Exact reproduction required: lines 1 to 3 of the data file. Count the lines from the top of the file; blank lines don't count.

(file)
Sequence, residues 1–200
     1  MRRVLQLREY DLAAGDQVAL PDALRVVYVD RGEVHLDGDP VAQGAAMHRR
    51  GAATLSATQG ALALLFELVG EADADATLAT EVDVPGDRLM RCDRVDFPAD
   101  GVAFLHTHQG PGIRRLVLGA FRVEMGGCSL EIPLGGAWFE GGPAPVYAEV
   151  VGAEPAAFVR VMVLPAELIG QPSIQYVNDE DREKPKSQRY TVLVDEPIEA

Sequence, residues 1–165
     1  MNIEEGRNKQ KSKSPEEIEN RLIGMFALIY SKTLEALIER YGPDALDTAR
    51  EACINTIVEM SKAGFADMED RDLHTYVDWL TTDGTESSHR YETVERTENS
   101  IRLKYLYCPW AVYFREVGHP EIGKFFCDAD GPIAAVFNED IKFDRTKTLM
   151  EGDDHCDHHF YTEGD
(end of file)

Sequence, residues 1–200
     1  MRRVLQLREY DLAAGDQVAL PDALRVVYVD RGEVHLDGDP VAQGAAMHRR
    51  GAATLSATQG ALALLFELVG EADADATLAT EVDVPGDRLM RCDRVDFPAD